Today’s ONS figures show the self-employed account for just under 15% of total employment, the highest it has been in two decades. The numbers in self-employment have grown by over 7% in year, compared to growth of just 1.6% in the number of employees.
Is this a good thing or not? One the one hand, it is at least contributing to keeping the unemployment rate down. Some work is better than no work. On the other hand, a Resolution Foundation report out today found that 28% of those who became self-employed in the last five years would rather be working for someone else. So part of the sharp rise in self-employment has come about as a result of the downturn: those who could not find employment went into self-employment instead.
Of course that’s not the full story. Many of those who are self-employed are satisfied with their current situation, and are not involved in it due to lack of available opportunities. Despite often working longer hours for less money, those who are self-employed by choice are happier: they report higher levels of life satisfaction. Many appreciate the flexibility that self-employment affords, as well as the opportunity to exercise greater independence and autonomy.
And the rise in self-employment is not just a phenomenon arising from the downturn. Self-employment as a proportion of total employment has been increasing for the past decade. A similar pattern emerges from the data on changes in businesses. From BIS’s Business Population Estimates it’s possible to see that we’ve had huge growth in the number of private sector businesses since 2000, but almost all the growth is in businesses with no employees, which increased by 56% from 2000 to 2013. And the trend started to take off well before the recession.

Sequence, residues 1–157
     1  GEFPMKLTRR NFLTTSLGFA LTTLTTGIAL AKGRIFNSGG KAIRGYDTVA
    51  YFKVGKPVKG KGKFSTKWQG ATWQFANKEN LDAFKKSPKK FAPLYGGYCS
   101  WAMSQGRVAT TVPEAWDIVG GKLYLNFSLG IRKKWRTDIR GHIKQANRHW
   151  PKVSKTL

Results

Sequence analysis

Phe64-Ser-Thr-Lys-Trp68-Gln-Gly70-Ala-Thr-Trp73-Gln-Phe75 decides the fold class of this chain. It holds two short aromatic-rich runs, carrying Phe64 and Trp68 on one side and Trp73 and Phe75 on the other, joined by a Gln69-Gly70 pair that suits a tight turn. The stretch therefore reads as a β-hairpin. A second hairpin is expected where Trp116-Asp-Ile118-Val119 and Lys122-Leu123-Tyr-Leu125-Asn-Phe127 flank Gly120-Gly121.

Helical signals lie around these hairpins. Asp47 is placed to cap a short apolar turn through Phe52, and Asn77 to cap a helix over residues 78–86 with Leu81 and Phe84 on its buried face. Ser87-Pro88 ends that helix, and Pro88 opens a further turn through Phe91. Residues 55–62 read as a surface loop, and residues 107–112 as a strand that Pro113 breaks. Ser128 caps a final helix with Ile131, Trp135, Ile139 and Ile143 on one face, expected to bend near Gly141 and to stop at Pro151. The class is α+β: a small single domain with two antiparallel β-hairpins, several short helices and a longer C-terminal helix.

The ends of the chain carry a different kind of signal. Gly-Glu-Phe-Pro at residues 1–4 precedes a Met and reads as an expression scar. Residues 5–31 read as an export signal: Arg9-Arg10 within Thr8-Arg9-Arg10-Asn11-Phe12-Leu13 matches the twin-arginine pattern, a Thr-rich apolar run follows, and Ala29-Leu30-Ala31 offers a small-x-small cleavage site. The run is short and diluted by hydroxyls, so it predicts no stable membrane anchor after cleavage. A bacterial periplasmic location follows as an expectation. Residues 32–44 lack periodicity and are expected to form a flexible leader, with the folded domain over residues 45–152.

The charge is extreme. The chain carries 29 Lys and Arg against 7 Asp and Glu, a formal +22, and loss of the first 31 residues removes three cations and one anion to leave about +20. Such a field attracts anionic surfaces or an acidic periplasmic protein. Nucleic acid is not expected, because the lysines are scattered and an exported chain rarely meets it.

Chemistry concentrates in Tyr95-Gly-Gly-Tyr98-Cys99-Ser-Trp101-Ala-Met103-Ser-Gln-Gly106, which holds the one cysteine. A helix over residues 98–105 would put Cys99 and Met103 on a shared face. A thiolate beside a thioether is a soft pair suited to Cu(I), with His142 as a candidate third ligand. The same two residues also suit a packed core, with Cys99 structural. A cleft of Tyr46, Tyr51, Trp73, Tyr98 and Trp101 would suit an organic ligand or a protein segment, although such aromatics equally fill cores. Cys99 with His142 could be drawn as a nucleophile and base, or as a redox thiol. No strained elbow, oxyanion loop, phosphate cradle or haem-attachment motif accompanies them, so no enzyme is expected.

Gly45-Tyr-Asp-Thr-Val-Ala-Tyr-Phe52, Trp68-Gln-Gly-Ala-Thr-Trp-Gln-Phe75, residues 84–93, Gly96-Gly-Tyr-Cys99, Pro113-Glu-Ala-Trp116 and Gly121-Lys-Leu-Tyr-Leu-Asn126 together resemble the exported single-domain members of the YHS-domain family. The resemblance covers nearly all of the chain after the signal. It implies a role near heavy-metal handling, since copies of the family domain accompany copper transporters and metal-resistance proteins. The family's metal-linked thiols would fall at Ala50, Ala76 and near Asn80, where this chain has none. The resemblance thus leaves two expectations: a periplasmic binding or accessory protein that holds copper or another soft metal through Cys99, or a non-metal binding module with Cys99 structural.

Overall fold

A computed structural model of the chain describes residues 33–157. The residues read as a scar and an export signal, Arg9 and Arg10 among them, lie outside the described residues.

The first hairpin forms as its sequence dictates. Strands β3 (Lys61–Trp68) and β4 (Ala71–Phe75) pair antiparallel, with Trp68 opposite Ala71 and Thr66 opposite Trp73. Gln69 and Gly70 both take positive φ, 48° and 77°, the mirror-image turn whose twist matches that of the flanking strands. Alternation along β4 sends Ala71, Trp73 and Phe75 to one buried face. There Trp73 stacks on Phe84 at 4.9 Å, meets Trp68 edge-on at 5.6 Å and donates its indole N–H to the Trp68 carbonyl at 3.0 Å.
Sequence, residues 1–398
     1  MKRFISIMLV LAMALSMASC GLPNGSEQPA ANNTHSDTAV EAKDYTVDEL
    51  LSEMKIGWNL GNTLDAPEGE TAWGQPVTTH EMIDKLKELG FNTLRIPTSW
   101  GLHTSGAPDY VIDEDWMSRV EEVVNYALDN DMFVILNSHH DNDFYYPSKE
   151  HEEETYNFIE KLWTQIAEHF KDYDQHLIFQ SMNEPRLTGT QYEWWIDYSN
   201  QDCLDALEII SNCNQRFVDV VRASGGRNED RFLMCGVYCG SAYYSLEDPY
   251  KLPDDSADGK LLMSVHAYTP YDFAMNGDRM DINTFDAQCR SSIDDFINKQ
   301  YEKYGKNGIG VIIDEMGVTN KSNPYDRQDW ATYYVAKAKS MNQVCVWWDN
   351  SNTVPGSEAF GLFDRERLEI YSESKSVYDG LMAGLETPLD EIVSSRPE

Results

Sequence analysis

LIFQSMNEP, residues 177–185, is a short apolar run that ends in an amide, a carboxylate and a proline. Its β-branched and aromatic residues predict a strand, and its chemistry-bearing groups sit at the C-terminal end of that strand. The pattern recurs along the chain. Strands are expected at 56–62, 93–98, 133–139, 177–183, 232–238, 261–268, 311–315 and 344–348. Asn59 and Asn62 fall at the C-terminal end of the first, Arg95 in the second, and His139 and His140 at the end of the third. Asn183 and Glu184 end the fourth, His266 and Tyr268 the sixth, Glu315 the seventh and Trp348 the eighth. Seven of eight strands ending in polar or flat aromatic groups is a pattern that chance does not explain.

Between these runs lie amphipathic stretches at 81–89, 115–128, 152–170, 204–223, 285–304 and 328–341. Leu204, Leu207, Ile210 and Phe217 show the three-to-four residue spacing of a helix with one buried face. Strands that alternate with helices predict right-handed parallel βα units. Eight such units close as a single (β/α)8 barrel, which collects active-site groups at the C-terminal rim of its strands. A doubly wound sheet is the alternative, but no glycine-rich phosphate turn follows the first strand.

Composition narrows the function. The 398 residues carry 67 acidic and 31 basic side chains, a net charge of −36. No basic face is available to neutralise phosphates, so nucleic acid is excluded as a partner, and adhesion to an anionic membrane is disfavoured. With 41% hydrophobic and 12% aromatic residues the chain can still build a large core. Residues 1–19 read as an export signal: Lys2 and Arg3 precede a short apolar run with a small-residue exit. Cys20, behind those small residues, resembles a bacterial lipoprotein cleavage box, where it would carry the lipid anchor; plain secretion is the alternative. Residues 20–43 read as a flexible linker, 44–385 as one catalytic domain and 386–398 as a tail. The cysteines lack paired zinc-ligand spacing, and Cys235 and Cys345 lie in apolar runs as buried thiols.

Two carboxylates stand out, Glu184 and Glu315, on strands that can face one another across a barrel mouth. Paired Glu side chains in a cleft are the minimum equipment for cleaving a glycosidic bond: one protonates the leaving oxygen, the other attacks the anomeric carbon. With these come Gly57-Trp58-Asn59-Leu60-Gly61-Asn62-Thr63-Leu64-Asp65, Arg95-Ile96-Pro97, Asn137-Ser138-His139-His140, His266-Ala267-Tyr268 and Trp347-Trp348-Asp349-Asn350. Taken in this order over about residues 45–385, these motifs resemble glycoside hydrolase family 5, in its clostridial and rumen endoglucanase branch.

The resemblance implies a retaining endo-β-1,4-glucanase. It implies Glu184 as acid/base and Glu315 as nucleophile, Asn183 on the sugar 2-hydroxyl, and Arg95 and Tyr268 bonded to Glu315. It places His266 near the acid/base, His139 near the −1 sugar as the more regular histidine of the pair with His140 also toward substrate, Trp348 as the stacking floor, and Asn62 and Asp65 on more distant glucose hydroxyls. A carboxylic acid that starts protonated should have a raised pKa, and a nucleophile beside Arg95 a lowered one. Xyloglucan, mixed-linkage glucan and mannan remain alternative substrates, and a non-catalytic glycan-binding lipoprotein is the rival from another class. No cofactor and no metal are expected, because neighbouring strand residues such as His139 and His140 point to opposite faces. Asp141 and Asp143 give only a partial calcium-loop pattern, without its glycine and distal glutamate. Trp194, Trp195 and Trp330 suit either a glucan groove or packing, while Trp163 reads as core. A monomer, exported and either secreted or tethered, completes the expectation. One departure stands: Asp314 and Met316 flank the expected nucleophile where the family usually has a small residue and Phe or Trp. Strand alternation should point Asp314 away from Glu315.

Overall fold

This structural trend has two implications for policy. Firstly, what we must not assume is that the rise in self-employment is evidence of some new entrepreneurial revolution that will power future economic growth. Most self-employed individuals will not go off and set up high growth companies. And many of our new small companies will stay small. This is a vital point for entrepreneurship and small business policy: the SMF is currently undertaking research on what type of entrepreneurship is likely to bring the largest benefits to economic growth, and how we can encourage more of it. We will report on our findings and recommendations later in the year.
But secondly, we need to take better account of the self-employed in wider policy decisions relating to social policy and labour markets. Many policies designed to work through employers do not touch the growing number of self-employed. The minimum wage is one example. Auto-enrolment into pension schemes is another. It is often argued that some policies – rises in the minimum wage is one – risks pushing people into unemployment as firms decide to take on less staff. These days, this effect may manifest itself in a rise in self-employment instead. We are in danger of creating a two-track labour market, with highly protected employees on one track, and a growing number of self-employed with much less support on the other.